value? So, may be something like this:

    #!/usr/bin/perl

    use strict;
    use warnings;

    while (my $s = <DATA>) {
    my @matched = ( $s =~ m{ \A (\d{3}) \s+ (\d{3}) \s* (\w*) }x );
    if (3 == grep { defined and $_ ne q{} } @matched) {
    my ($var1, $var2, $var3) = @matched;
    ...
    }
    }
    __END__
    111 222
    333 444 this
    111 222

    But, then again, if the match succeeded, only $var3 may be empty. So,
    why test $var1 and $var2 (in the original code)?

    #!/usr/bin/perl

    use strict;
    use warnings;

    while (my $s = <DATA>) {
    if ( $s =~ m{ \A (\d{3}) \s+ (\d{3}) \s* (\w*) }x
    and $3 ne q{} ) {
    my ($var1, $var2, $var3) = ($1, $2, $3);
    # do something
    }
    }

    __END__
    111 222
    333 444 this
    111 222





    Sinan

    --
    A. Sinan Unur <>
    (reverse each component and remove .invalid for email address)

    comp.lang.perl.misc guidelines on the WWW:
    http://mail.augustmail.com/~tadmc/clpmisc/clpmisc_guidelines.html
     
    A. Sinan Unur, Feb 8, 2006
    #5
  6. Anno Siegel Guest

    A. Sinan Unur <> wrote in comp.lang.perl.misc:
    > -berlin.de (Anno Siegel) wrote in
    > news:dsckd4$lsu$-Berlin.DE:
    >
    > > John W. Krahn <> wrote in comp.lang.perl.misc:
    > >> wrote:


    [snip]

    > >> You could do it like this:
    > >>
    > >> if ( 3 == ( ( $var1, $var2, $var3 ) = $teststr =~
    > >> /(\d+)\s+(\d+)\s+(\w*)/ ) ) {
    > >> print STDERR "\nMETHOD 3 var1 = $var1 var2 = $var2 var3 =
    > >> $var3\n";
    > >> }

    > >
    > > No, John, that's wrong. The match with three captures will always
    > > return three values, defined or undefined. The test will not indicate
    > > any undefined values. Try "123 456" against
    > > /(\d+)\s+(\d+)(?:\s+(\w*))?/.
    > >
    > > unless ( grep !defined, ( $var1, ...
    > >
    > > should work.

    >
    > Mere mortals such as myself might be more comfortable without the
    > double-negation:
    >
    > if ( 3 == grep { defined } ($var1, ...
    >
    > ;-) (desperately looking for something useful to say).
    >
    >
    > Also, won't (\w*) set $3 to the empty string rather than an undefined
    > value? So, may be something like this:


    Yes, the original example (/(\d+)\s+(\d+)\s+(\w*)/) would never
    return an undefined capture if it matched at all. Captures that
    can be undefined are not all that common, they happen when a pair
    of parentheses is in an optional part of the regex.

    > #!/usr/bin/perl
    >
    > use strict;
    > use warnings;
    >
    > while (my $s = <DATA>) {
    > my @matched = ( $s =~ m{ \A (\d{3}) \s+ (\d{3}) \s* (\w*) }x );
    > if (3 == grep { defined and $_ ne q{} } @matched) {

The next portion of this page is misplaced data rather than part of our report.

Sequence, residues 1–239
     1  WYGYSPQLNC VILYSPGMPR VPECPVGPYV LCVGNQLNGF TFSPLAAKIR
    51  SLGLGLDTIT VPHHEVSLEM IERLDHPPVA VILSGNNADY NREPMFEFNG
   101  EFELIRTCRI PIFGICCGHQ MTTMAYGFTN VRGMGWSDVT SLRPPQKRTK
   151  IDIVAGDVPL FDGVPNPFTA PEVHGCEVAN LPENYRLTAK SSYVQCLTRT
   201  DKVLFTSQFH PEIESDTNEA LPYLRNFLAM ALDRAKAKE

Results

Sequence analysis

> my ($var1, $var2, $var3) = @matched;
    > ...
    > }
    > }
    > __END__
    > 111 222
    > 333 444 this
    > 111 222


    The OPs question was about defined-ness, not about empty matches,
    and I think that was deliberate. Empty matches are much more
    common.

    > But, then again, if the match succeeded, only $var3 may be empty. So,
    > why test $var1 and $var2 (in the original code)?
    >
    > #!/usr/bin/perl
    >
    > use strict;
    > use warnings;
    >
    > while (my $s = <DATA>) {
    > if ( $s =~ m{ \A (\d{3}) \s+ (\d{3}) \s* (\w*) }x
    > and $3 ne q{} ) {
    > my ($var1, $var2, $var3) = ($1, $2, $3);
    > # do something
    > }
    > }
    >
    > __END__
    > 111 222
    > 333 444 this
    > 111 222


    Right. It usually pays to look at the individual captures and only
    test those that *can* return the Wrong Thing, whatever that is in the
    particular case.

    Anno
    --
    $_='Just another Perl hacker'; print +( join( '', map { eval $_; $@ }
    'use warnings FATAL => "all"; printf "%-1s", "\n"', 'use strict; a',
    'use warnings FATAL => "all"; "@x"', '1->m') =~
    m|${ s/(.)/($1).*/g; \ $_ }|is),',';
     
    Anno Siegel, Feb 8, 2006
    #6
  7. -berlin.de (Anno Siegel) wrote in news:dsco0f$nra
    $-Berlin.DE:

    > A. Sinan Unur <> wrote in comp.lang.perl.misc:
    >> -berlin.de (Anno Siegel) wrote in
    >> news:dsckd4$lsu$-Berlin.DE:
    >>
    >> > John W. Krahn <> wrote in comp.lang.perl.misc:
    >> >> wrote:

    >
    > [snip]
    >
    >> >> You could do it like this:
    >> >>
    >> >> if ( 3 == ( ( $var1, $var2, $var3 ) = $teststr =~
    >> >> /(\d+)\s+(\d+)\s+(\w*)/ ) ) {
    >> >> print STDERR "\nMETHOD 3 var1 = $var1 var2 = $var2 var3 =
    >> >> $var3\n";
    >> >> }
    >> >
    >> > No, John, that's wrong. The match with three captures will always
    >> > return three values, defined or undefined. The test will not

    indicate
    >> > any undefined values. Try "123 456" against
    >> > /(\d+)\s+(\d+)(?:\s+(\w*))?/.
    >> >
    >> > unless ( grep !defined, ( $var1, ...
    >> >
    >> > should work.

    >>
    >> Mere mortals such as myself might be more comfortable without the
    >> double-negation:
    >>
    >> if ( 3 == grep { defined } ($var1, ...
    >>
    >> ;-) (desperately looking for something useful to say).
    >>
    >>
    >> Also, won't (\w*) set $3 to the empty string rather than an undefined
    >> value? So, may be something like this:

    >
    > Yes, the original example (/(\d+)\s+(\d+)\s+(\w*)/) would never
    > return an undefined capture if it matched at all. Captures that
    > can be undefined are not all that common, they happen when a pair
    > of parentheses is in an optional part of the regex.


    Of course ... It is just too early here I guess.

    Thanks.

    Sinan
    --
    A. Sinan Unur <>
    (reverse each component and remove .invalid for email address)

    comp.lang.perl.misc guidelines on the WWW:
    http://mail.augustmail.com/~tadmc/clpmisc/clpmisc_guidelines.html